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Santa Cruz County History - Executive Order 9066 and the Residents of Santa Cruz County
Watsonville Register-Pajaronian. June 12, 1945. p. 5
OVERSEAS OFFICER'S VIEW ON NISEIS
by MATEO LETTUNICH
To the Editor:
I take the liberty of addressing this letter to you, in the hope that you will print it, because the subject to which it is devoted is a problem which disturbs me as well as many others who are presently overseas in the armed forces.
During the past six or seven decades our fertile valley has seen the making of thousands of Americans. That is, people came here from many countries of the world - England, France, Germany, Italy, Austria, China, Japan, Ireland, among them - and made their homes; then, for the most part, the melting pot that is the United States made them Americans. And it can be truly said that they lived in harmony as good neighbors.
However, when the United States was compelled to engage the axis powers in the present war, the status of some of them changed. Descendents of parents whose native countries were now axis powers once again stood apart. In the cases of Americans of German and Italian descent it was generally assumed that they were as loyally American as their neighbors who happened to have come from neutral or co-belligerent countries. In the case of the Japanese-Americans and Nisei in California, it was decided by higher authority that they should be temporarily removed from the Pacific coastal areas. Subsequently they were divided into those who, because of their actions in aid of Japan, were considered disloyal to this country; those who, though they had committed no disloyal acts, preferred allegiance to Japan, and await only to be returned there; and finally, the vast number of them, especially Nisei, to whom the United States, and more particularly, the Pacific coast, is the home of their allegiance.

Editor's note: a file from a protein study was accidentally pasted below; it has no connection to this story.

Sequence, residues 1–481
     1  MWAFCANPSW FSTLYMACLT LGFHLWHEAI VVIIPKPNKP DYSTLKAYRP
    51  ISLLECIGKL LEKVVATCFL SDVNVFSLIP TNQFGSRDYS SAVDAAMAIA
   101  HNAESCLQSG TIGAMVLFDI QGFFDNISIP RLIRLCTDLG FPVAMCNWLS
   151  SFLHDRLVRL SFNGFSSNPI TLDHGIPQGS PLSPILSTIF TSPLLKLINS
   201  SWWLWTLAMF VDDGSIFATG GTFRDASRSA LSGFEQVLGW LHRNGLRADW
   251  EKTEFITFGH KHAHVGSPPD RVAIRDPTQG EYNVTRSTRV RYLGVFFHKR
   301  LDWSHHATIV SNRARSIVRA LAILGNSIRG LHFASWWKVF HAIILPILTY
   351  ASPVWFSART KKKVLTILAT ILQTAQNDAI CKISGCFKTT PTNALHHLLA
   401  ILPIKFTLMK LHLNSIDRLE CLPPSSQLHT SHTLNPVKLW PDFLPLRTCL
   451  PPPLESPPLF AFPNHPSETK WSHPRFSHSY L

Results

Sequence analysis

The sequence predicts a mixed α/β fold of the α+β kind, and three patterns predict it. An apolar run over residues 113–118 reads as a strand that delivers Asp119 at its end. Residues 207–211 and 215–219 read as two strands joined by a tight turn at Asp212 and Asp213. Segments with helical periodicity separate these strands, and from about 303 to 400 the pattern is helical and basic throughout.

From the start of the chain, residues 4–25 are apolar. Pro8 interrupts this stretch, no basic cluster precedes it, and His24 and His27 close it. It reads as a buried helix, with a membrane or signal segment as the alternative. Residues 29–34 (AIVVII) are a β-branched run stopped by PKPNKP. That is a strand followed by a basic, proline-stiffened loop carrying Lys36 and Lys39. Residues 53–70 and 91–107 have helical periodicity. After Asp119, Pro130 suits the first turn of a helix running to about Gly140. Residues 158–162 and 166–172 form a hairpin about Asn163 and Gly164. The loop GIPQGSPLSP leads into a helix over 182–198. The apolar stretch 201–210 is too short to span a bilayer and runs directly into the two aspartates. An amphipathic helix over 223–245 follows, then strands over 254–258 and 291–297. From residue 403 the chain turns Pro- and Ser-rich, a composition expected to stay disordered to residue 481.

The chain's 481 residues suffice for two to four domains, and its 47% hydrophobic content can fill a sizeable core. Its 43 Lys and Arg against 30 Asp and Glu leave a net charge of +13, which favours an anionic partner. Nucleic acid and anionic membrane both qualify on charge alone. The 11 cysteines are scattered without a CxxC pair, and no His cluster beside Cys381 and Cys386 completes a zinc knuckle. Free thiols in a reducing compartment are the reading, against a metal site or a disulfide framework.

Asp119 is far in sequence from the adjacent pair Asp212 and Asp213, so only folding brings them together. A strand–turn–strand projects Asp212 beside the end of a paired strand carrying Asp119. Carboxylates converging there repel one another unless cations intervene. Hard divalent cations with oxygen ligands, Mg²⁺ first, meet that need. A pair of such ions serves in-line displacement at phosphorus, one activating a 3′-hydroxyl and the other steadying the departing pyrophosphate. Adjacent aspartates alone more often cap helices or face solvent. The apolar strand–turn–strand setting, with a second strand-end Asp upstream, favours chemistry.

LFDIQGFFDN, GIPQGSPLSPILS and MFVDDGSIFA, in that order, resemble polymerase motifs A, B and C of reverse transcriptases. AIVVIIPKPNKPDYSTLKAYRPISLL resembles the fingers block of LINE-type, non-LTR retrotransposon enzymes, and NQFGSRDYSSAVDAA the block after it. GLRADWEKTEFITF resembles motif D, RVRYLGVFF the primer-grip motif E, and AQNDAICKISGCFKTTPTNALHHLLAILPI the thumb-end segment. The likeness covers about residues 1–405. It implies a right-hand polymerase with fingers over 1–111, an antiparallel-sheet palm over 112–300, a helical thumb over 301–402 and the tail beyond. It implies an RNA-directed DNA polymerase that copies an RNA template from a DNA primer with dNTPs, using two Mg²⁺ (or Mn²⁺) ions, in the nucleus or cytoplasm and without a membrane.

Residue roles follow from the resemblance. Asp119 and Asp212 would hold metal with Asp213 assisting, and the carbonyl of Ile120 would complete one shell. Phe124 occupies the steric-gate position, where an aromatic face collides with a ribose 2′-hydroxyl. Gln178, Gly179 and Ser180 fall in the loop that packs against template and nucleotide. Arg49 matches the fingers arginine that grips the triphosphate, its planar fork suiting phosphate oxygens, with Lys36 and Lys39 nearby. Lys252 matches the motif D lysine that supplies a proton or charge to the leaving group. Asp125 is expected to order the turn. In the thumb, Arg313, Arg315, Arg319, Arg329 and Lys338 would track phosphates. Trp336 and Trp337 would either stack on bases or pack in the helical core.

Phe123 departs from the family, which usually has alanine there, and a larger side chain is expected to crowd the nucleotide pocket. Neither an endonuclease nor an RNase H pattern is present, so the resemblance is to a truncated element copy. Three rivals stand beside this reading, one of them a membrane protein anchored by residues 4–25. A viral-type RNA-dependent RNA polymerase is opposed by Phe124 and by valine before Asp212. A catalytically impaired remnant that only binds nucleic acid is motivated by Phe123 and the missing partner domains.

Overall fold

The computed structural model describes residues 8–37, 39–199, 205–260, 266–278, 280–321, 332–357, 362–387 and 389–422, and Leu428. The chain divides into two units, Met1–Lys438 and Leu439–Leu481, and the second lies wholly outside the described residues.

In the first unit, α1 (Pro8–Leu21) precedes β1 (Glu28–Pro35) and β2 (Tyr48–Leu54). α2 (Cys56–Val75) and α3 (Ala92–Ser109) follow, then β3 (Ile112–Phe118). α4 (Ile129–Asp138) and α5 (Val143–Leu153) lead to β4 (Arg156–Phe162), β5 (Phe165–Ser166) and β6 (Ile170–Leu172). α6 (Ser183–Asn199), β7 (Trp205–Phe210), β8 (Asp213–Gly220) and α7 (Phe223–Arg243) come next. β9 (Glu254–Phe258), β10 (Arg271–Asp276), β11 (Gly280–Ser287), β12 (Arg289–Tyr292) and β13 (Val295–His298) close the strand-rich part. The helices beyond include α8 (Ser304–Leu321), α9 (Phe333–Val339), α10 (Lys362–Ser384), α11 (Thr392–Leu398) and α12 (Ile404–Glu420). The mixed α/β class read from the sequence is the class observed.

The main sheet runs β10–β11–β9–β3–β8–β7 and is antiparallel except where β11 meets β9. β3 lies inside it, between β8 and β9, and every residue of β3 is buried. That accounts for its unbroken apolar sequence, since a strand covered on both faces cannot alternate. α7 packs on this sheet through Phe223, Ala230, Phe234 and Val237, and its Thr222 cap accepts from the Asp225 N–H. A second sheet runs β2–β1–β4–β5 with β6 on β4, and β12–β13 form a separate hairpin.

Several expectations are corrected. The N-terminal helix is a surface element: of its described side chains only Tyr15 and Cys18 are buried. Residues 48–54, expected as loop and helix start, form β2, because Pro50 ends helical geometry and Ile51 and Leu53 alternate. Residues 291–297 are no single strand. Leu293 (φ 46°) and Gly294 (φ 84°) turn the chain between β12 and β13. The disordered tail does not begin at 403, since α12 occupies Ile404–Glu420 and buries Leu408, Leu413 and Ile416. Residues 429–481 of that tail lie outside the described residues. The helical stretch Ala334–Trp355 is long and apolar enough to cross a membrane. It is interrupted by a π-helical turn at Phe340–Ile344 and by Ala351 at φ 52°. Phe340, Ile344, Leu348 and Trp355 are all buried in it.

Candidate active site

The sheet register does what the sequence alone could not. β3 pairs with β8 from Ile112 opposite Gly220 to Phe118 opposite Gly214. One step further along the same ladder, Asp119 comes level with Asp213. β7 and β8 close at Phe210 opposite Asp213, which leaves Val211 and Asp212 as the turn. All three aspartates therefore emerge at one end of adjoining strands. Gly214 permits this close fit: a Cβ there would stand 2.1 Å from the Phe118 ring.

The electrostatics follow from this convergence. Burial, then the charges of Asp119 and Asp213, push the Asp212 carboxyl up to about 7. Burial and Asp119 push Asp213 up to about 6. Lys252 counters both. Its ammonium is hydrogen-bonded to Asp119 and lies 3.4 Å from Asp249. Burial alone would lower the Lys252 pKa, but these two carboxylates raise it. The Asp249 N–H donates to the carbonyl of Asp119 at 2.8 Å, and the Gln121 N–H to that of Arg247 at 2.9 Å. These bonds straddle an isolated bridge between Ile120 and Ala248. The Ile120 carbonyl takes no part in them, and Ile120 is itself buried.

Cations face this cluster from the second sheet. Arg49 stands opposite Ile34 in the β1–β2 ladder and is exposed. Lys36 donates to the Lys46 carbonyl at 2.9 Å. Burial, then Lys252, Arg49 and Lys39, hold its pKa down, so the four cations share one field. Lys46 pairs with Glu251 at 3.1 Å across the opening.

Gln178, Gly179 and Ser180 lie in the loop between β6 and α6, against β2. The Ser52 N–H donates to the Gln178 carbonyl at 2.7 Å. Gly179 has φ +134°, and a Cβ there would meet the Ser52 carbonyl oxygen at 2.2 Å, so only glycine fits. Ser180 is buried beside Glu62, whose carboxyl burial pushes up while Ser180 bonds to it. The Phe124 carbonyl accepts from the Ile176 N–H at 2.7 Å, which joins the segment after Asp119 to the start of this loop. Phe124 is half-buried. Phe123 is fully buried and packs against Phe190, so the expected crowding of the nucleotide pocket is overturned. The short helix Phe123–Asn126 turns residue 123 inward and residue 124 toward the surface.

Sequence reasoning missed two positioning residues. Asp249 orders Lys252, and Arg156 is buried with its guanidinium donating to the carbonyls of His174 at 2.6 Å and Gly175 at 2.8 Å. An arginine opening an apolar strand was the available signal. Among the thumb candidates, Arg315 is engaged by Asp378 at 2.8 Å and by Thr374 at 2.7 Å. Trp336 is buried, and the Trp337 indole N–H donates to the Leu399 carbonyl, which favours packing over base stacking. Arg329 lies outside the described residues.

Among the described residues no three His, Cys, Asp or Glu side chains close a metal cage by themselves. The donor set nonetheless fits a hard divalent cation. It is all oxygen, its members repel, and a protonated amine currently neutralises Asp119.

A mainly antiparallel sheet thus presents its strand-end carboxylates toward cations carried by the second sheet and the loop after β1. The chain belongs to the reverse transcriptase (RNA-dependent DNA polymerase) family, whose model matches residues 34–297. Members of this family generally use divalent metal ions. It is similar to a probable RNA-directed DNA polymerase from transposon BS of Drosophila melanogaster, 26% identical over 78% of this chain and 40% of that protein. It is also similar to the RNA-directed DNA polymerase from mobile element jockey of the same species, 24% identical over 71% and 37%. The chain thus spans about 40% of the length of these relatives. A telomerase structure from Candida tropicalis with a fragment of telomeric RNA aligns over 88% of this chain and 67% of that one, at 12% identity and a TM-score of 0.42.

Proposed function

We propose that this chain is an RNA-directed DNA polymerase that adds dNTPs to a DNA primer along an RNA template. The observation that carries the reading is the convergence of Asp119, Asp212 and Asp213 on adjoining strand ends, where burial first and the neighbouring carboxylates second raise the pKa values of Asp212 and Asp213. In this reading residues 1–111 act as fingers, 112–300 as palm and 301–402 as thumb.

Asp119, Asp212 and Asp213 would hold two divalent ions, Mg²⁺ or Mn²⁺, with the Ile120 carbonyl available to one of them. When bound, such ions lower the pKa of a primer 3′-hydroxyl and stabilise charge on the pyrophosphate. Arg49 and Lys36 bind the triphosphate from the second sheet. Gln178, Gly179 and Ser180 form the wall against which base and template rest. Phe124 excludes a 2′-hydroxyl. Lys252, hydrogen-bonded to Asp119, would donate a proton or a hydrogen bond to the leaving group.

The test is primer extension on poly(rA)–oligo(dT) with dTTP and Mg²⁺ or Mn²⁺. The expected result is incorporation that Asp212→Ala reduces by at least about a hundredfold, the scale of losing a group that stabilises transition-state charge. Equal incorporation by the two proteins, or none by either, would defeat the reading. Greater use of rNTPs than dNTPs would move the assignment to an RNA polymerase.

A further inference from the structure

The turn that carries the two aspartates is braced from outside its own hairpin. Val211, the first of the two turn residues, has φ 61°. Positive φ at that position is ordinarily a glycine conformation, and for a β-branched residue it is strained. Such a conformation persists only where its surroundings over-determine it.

It is the treatment of these latter Japanese-Americans and Nisei, who are now beginning to return to the homes where they were once honored members of our communities, that is the problem whereof I write. For, if one is to believe the newspapers and national magazines, in many cases these people are not being allowed to return with the realization that their absence was a temporary measure thought wise by higher authority, and which in no way reflects upon them as individuals. Rather, veterans' organizations have allowed themselves to pass discriminatory measures concerning them, and citizens' committees have discussed resolutions to prohibit their proper re-entry into the life of the community. And, as is usual, any attempt to modify these harsh and irrational measures have been met with the timeworn, but effective, epithet of the uninformed, "Communism, eh!" The people of California have not discriminated against those of Italian descent living amongst them - nor should they. They have not trafficked in hate in regard to those of German descent - nor should they. Shall they fall into both these vices in regard to the loyal Japanese-Americans and Nisei?
Five minutes' view of what was once a prosperous and peaceful village - be it in France or in Germany - should be enough to convince anyone that the price paid for discrimination and hate against the guilty is almost unbearably heavy. How much more shameful it is when the same discrimination and hate is kept alive to afflict the innocent.
Captain, Air Corps,
New York City, N.Y.
Copyrighted by the Watsonville Register-Pajaronian. Reproduced by permission.